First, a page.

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Only half of S.D. students proficient in English; less than half in math and science

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Only half of S.D. students proficient in English; less than half in math and science

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South Dakota Gov. Kristi Noem said she is disappointed in recent statewide standardized test scores indicating that just over half of students were proficient in English language and fewer than half showed proficiency in math and science.

The results of the South Dakota Department of Education 2019 Report Card, based on standardized tests, showed that about 54% of students tested in grades three through eight and in 11th grade showed proficiency in reading and writing. Only about 47% of those same students were proficient in math for their respective grade levels, and roughly 40% of students were proficient in science.

Gov. Noem told South Dakota News Watch that she was unimpressed with the results during an interview two days after the statewide report card was released to the public on Sept. 17.

“I’m not happy with those numbers and we are having that conversation as we speak,” Noem said. “We just got those numbers and we will be having conversations about how to improve those numbers for our students.”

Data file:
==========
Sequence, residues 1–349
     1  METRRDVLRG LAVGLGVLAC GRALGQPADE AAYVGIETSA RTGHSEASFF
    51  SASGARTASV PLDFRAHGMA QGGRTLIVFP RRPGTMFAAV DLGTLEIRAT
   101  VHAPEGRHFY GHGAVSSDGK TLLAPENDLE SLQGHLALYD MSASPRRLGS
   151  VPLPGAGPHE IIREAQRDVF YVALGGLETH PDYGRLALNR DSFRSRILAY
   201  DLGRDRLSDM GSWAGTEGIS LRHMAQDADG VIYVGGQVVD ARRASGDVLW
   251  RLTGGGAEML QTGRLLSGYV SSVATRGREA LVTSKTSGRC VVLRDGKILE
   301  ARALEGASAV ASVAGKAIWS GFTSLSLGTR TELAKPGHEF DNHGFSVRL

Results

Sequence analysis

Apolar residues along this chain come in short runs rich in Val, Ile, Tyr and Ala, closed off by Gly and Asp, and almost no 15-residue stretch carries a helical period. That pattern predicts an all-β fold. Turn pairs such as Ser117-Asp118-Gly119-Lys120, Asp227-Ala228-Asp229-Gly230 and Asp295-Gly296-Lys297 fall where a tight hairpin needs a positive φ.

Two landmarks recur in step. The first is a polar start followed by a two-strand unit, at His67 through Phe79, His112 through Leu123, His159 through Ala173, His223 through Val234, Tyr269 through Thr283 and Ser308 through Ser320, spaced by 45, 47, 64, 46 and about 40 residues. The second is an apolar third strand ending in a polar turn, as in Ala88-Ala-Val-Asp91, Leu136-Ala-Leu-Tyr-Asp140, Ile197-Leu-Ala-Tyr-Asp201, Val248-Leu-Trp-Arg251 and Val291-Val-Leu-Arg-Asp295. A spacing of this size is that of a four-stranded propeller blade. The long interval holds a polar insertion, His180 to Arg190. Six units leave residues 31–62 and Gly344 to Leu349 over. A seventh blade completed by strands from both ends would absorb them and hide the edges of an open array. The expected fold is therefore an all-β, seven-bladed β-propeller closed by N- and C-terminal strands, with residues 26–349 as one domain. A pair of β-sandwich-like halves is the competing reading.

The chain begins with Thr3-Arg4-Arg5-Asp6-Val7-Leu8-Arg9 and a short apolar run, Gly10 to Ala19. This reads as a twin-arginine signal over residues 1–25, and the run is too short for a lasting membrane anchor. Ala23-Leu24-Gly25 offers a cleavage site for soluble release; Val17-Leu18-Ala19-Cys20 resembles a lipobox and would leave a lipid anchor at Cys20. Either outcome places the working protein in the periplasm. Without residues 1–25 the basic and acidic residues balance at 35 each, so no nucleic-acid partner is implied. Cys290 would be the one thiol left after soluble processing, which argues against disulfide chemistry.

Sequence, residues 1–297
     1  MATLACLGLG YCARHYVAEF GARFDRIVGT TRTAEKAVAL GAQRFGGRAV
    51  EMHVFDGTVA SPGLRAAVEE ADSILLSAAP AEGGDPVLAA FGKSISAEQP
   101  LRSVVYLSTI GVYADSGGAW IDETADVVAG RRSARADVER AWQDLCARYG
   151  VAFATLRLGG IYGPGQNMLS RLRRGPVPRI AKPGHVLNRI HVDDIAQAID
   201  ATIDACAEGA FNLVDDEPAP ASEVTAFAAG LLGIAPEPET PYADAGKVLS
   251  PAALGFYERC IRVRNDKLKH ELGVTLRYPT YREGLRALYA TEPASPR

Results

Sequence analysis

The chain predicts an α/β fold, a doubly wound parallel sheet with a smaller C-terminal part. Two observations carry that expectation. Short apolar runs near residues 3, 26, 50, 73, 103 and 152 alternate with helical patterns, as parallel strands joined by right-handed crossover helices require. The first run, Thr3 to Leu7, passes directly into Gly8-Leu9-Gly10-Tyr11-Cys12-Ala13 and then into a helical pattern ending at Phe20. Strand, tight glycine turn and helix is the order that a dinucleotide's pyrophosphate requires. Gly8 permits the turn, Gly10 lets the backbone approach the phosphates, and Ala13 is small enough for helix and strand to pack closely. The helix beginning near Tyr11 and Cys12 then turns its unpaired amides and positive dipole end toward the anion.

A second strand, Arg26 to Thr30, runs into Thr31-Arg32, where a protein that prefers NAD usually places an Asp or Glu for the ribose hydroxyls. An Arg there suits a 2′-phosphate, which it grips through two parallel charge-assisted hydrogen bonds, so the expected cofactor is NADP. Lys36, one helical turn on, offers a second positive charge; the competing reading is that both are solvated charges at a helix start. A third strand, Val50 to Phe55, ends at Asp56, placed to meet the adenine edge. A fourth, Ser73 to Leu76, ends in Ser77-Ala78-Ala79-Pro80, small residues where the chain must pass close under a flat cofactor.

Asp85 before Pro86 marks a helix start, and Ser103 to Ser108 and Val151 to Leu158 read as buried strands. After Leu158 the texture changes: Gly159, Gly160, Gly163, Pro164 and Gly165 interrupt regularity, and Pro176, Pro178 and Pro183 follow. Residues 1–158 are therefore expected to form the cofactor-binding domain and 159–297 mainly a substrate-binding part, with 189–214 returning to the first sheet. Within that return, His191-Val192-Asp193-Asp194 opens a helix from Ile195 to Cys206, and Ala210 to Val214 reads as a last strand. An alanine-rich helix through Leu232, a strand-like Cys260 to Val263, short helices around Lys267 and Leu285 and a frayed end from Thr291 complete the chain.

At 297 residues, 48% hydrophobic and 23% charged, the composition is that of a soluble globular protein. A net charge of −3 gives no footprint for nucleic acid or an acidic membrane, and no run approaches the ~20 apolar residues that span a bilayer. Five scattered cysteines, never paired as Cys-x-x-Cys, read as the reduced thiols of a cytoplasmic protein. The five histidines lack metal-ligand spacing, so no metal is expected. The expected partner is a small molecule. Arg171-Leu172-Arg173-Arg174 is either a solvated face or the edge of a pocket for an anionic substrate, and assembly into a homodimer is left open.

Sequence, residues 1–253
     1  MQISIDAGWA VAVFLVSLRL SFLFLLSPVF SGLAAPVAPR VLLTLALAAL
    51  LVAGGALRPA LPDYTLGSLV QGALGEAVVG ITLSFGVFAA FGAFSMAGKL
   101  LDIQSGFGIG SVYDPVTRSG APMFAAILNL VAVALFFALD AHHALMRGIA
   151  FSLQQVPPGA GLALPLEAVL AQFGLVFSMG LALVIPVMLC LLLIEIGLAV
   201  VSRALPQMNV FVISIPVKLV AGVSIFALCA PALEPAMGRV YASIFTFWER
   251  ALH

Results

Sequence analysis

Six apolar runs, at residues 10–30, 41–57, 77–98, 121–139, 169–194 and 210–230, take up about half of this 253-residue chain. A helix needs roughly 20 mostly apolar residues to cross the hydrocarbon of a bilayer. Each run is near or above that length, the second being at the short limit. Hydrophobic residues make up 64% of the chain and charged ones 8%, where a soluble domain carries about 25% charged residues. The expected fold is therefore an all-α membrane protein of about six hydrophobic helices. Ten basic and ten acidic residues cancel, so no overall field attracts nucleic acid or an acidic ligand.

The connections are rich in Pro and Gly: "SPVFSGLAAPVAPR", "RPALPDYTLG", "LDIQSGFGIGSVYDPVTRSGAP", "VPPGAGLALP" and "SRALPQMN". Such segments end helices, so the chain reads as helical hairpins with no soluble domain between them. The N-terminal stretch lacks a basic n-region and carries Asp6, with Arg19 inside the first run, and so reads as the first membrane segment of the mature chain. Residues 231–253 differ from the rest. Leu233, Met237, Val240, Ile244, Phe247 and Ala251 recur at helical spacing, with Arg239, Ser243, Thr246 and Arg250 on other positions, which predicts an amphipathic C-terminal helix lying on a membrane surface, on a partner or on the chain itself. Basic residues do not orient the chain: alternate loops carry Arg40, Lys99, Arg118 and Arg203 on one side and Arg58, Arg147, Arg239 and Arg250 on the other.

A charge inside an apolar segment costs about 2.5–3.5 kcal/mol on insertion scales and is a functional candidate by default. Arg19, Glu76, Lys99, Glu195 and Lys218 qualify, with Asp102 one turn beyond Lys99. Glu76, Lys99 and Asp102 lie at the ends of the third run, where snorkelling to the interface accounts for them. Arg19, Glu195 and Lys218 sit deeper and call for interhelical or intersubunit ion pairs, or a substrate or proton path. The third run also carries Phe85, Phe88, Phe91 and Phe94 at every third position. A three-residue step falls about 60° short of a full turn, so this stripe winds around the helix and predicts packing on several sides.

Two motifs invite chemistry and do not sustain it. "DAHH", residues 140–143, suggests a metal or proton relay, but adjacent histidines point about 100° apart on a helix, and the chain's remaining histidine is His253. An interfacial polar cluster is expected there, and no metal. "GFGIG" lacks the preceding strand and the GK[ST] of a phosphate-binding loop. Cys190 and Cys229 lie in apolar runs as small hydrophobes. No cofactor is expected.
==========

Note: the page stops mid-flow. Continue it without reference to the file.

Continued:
Despite a half-cent sales tax increase passed in 2016 that generated new revenue to boost pay for South Dakota’s roughly 9,700 teachers, student test scores have not increased since then. Over the last three academic years, statewide proficiency scores for math, reading and writing have remained essentially flat. The scores for science proficiency actually fell from the 2017-18 school year, when the science test was first administered, to the 2018-19 school year.

At least part of the reason scores haven’t increased is that South Dakota started using a newer, more difficult assessment test during the 2016-17 school year. Comparing results from the old test to the new test isn’t fair, state Education Secretary Ben Jones said. The biennially administered National Assessment of Educational Progress, which has used, essentially the same testing methods since 2003, shows flat scores for reading between 2015 and 2017, while math scores rose slightly between 2015 and 2017.

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